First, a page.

Theodore Roosevelt’s speech excerpt labeled ‘The Man in the Arena’ is a piece of writing that never fails to conjure a specific feeling in me. A simultaneous feeling of comradery for those who try and contempt towards my former self.
I used to watch people try important things from the sidelines.
I’d have something to say about them too; actors, creators, entrepreneurs, film directors and anyone else I had no business scrutinising. I’d critique, I’d suggest and I’d congratulate from the periphery. I was a spectator, a non-participant. Until I took a step into the arena.
I put my work up for public consideration both in writing and video format for the online world to see and suddenly, I felt powerless.
You could dislike my work, ignore it, tell me how the music could’ve synced with the footage better or how I could’ve made the thumbnail a little punchier. And you’d be well entitled to those views.
I fought my own insecurities and mental hurdles to present something, and in return, I could only receive praise or defend my work, never give it back on the offense, because the relationship between those taking action and those observing it is always asymmetrical.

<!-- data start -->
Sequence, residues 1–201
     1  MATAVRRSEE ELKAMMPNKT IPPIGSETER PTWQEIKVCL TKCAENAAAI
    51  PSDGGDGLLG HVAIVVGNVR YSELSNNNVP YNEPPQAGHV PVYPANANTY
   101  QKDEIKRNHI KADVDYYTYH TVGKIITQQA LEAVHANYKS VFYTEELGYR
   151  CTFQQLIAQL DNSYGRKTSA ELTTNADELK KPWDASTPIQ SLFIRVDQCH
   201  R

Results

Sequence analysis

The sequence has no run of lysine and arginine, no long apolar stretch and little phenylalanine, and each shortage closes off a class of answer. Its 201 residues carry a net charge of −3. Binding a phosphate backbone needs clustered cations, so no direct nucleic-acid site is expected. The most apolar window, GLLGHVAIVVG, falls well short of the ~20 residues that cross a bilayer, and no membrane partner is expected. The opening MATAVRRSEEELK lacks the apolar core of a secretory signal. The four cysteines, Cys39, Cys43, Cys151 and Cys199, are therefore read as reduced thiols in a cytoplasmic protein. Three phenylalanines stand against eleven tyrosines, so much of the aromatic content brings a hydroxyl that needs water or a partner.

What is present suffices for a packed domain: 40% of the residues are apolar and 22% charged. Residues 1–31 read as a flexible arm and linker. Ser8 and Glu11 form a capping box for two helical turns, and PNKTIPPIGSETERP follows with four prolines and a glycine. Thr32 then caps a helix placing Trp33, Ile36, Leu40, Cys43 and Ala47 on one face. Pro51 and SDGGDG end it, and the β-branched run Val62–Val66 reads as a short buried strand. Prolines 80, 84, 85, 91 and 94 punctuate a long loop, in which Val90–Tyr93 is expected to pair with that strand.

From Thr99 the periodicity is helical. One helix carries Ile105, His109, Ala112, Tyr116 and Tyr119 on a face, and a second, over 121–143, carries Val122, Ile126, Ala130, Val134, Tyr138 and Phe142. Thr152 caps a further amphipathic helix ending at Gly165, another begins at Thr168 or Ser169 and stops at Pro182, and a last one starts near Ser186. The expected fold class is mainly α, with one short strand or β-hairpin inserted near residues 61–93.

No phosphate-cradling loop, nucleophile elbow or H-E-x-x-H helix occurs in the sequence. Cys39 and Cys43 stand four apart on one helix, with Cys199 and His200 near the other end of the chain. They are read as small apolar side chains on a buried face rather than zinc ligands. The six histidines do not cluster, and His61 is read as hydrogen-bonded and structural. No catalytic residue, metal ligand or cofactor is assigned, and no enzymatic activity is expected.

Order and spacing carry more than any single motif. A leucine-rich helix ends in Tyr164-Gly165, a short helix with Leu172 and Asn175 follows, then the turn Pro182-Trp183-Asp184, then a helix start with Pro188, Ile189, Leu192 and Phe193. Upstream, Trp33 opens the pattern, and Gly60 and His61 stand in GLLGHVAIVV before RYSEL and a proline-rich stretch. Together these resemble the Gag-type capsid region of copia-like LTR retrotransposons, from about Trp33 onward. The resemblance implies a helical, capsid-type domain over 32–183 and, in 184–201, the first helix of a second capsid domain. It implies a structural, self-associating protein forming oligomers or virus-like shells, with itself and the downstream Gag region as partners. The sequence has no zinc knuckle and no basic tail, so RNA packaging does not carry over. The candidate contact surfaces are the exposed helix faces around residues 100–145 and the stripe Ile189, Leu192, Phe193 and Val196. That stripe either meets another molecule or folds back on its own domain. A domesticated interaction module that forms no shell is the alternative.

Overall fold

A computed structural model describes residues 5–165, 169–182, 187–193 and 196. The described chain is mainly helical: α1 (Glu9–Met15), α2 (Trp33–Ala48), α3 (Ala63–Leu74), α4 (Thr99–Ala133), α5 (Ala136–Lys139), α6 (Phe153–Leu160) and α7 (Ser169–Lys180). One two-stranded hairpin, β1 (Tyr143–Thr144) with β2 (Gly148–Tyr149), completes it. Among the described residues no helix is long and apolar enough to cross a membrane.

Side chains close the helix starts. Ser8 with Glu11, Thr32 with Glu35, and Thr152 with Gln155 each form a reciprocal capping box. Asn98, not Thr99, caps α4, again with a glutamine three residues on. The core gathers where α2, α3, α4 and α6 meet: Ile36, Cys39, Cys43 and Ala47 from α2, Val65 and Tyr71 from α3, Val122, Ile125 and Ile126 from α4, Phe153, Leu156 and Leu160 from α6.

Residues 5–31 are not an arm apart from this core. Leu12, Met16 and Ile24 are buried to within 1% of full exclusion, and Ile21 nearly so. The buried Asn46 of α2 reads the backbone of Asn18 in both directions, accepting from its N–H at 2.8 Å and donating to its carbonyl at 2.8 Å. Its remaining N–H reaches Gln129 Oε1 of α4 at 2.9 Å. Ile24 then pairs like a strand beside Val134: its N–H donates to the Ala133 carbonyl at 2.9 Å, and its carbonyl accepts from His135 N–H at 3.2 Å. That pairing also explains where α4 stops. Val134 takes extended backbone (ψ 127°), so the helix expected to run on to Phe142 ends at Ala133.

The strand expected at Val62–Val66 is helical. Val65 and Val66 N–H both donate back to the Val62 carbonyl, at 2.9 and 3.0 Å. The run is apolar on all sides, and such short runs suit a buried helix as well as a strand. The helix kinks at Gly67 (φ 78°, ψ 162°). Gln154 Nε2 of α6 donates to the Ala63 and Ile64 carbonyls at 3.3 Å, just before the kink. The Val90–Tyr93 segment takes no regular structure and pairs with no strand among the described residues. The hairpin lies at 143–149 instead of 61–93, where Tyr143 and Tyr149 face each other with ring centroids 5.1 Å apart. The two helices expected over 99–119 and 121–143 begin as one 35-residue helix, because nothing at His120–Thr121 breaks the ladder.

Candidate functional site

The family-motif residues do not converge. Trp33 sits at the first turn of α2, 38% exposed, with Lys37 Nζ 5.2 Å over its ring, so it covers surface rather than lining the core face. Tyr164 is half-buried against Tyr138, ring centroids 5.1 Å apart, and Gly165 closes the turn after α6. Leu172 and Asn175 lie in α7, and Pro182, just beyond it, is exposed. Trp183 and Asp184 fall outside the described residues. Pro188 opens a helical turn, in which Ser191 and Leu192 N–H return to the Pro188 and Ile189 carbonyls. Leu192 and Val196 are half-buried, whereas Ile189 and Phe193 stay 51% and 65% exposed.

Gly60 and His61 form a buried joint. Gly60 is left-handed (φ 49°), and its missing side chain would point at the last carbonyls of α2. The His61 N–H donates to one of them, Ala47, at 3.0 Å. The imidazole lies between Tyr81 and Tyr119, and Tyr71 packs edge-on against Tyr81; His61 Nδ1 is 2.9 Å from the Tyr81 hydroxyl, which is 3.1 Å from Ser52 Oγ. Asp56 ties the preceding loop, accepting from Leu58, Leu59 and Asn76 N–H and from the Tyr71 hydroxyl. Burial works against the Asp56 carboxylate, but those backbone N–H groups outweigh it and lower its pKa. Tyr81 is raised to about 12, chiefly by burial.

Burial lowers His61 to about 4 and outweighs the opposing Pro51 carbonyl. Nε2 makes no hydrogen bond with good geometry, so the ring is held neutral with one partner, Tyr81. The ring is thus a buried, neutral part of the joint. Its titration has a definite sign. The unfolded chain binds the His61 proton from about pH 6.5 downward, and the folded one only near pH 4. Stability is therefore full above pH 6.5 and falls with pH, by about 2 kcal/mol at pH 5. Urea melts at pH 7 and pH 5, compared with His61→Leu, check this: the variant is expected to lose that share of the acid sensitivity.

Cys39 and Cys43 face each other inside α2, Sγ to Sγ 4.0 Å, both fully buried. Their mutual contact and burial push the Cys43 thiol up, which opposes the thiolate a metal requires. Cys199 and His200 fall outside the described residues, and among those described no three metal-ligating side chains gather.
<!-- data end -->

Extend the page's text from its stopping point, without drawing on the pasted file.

The person stepping into the arena assumes risk the moment they walk in. Even still, what happens is the arena is just one component of the battle. The hundreds or thousands of spectators will have something to say from the comfort of their seats, firing arrows that pierce the spirit both consecutively and in volleys.
The man in the arena knows that he has parted with comfort. He steps in nonetheless. It’s not unfair on him either, because fairness implies it could have gone any other way; those in the arena could never go back to being spectators.
There’s a chasm between the two. Something irreversibly changes the moment you step up, and step in. You acknowledge the onlookers, appreciate their role, but you’ll never exist amongst them again. Your place is with the doers, the ones who fall and get up, try again, the ones who understand your sacrifice and respect you even when up against you, because they know a fate worse than defeat, worse than humiliation and worse than harm: not having the courage to try.
Submitting myself to the arena made me feel powerless, but now I see it as it truly is: a superpower, one that helped me transcend mere observership and begin taking action.
We all have our own arenas, when will you stop spectating and step in?
“It is not the critic who counts; not the man who points out how the strong man stumbles, or where the doer of deeds could have done them better. The credit belongs to the man who is actually in the arena, whose face is marred by dust and sweat and blood; who strives valiantly; who errs, who comes short again and again, because there is no effort without error and shortcoming; but who does actually strive to do the deeds; who knows great enthusiasms, the great devotions; who spends himself in a worthy cause; who at the best knows in the end the triumph of high achievement, and who at the worst, if he fails, at least fails while daring greatly, so that his place shall never be with those cold and timid souls who neither know victory nor defeat.”
-Theodore Roosevelt, “Citizenship in a Republic”.